If you were recently injured while working, you are probably entitled to receive workers’ compensation benefits. Workers’ compensation is the system in the United States that pays for certain eligible expenses of injured workers, as long as their injuries are work-related. Most people who take advantage of workers’ comp for the first time understandably have a lot of questions about the system. This is one of the reasons why it is generally a good idea to speak with a New Jersey workers’ comp attorney before submitting a claim. Seeking legal guidance from the experienced team at Rispoli & Borneo P.C. helps to ensure that you’ll receive the maximum payout that you’re entitled to.
One of the questions that people often ask our firm’s New Jersey workers’ comp attorneys involves whether workers’ comp covers pain and suffering. The answer to this question, like most information related to workers’ comp, both has a straight-foward answer and is subject to numerous exceptions.
Pain and Suffering
Workers’ comp generally only compensates injured workers for objective financial losses. For example, your hospital bill might be $1,000. Because you can put an exact dollar value on the expense, it is a special compensatory damage, and workers’ comp would compensate you fully for it.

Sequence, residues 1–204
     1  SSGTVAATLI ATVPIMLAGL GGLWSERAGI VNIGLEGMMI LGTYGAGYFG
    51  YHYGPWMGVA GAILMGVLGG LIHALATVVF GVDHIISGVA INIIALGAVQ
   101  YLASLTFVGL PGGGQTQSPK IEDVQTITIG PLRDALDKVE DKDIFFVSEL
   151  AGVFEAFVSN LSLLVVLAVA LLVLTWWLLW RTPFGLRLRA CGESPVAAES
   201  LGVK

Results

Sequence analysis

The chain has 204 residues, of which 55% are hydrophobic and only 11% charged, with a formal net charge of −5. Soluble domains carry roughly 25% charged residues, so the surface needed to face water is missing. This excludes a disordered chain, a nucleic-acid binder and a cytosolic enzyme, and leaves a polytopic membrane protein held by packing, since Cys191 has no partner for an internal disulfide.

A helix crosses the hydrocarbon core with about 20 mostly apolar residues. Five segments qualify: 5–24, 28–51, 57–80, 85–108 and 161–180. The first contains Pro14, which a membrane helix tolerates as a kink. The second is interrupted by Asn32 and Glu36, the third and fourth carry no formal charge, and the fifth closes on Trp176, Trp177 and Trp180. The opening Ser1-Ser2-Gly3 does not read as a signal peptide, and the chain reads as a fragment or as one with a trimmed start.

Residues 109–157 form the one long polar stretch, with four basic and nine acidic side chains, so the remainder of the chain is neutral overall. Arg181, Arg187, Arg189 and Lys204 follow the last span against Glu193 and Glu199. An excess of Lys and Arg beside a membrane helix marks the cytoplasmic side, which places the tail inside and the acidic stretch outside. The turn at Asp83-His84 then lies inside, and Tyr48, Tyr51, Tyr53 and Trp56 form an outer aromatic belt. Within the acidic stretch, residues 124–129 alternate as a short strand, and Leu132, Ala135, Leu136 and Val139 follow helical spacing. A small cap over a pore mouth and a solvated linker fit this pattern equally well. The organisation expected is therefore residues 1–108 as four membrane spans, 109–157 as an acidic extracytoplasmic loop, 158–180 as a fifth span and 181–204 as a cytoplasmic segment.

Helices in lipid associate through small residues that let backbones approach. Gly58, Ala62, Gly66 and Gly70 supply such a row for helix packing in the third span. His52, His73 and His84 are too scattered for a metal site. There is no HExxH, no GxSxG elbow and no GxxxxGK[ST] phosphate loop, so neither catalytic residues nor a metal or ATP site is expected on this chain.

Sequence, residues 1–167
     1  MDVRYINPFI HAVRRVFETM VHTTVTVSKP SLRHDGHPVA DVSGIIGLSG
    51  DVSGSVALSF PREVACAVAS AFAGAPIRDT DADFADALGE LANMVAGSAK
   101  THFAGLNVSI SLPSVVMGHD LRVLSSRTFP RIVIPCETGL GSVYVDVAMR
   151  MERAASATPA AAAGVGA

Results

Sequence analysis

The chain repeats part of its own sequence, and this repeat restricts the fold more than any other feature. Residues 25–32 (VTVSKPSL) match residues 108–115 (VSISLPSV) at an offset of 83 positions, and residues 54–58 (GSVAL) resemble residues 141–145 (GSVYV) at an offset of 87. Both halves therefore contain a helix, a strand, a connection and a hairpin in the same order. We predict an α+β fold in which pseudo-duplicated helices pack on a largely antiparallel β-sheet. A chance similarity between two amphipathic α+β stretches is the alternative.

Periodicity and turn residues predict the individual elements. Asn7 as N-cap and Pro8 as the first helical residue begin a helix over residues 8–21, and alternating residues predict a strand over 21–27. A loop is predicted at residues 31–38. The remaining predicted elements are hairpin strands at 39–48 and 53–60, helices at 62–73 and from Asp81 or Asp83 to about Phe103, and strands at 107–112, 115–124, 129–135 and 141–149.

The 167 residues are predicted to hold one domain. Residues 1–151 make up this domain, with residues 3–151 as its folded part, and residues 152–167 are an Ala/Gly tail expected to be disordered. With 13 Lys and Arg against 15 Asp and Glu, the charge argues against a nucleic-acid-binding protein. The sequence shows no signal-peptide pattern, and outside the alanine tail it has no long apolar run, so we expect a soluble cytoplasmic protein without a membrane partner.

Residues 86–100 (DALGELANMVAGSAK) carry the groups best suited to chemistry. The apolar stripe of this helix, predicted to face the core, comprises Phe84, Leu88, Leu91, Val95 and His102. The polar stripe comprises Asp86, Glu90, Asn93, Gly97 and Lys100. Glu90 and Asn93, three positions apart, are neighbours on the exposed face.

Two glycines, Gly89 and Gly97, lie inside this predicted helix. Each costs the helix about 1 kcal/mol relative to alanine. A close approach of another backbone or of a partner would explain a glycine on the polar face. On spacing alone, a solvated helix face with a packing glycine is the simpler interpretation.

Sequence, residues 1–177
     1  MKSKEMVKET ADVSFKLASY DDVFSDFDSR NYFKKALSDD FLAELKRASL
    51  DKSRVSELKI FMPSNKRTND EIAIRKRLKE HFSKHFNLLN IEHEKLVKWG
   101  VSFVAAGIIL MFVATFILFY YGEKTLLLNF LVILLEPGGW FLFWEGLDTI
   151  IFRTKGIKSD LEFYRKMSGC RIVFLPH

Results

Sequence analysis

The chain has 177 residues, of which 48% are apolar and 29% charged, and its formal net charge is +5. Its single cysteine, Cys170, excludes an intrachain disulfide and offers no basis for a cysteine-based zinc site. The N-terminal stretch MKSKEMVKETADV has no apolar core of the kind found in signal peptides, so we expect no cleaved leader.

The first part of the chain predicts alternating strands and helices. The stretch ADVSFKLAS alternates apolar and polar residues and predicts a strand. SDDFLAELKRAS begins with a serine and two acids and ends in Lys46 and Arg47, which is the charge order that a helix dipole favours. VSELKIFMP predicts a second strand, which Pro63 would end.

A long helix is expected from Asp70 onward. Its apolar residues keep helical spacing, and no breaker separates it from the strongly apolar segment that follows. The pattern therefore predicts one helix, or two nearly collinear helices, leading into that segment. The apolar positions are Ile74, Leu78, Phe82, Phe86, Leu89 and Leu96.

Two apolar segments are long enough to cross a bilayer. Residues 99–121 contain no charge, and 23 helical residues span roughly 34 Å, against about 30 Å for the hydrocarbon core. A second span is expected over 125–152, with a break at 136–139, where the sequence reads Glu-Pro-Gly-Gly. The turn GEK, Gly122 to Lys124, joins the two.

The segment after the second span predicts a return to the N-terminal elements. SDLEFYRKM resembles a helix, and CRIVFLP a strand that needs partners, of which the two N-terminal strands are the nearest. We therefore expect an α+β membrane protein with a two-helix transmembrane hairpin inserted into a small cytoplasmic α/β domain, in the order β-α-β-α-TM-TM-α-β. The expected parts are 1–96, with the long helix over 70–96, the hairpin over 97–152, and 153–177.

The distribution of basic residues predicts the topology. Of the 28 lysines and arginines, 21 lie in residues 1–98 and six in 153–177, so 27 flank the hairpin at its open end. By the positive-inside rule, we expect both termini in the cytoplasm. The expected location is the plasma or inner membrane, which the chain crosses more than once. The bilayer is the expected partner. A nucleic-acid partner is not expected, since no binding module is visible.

However, pain and suffering does not have an objective monetary value. You might argue that you should be compensated for the pain you experienced, but because the monetary value of pain and suffering is subjective, it falls in the category of “general compensatory damages,” and workers’ comp generally will not cover it.
Losses commonly covered by workers’ comp include:
- Hospital bills
- Medicine purchases
- Lost wages
- Mobility equipment purchases
Remember, to be covered by workers’ comp, the loss needs to be the direct result of the injury. If you have questions about whether certain expenses will be reimbursed by your coverage, don’t hesitate to as a New Jersey workers’ comp attorney for guidance.
Personal Injury Lawsuits
Unlike workers’ comp cases, you can receive compensation for pain and suffering and other general compensatory damages if you file a personal injury lawsuit. This may make you wonder if you can choose not to file a workers’ comp case, and file a lawsuit instead. This is usually not an option, as the workers’ comp system is meant to prevent work injury lawsuits in most cases. However, there are exceptions to this rule and a New Jersey workers’ comp attorney can clarify whether your unique circumstances “fit” into one of these exceptions.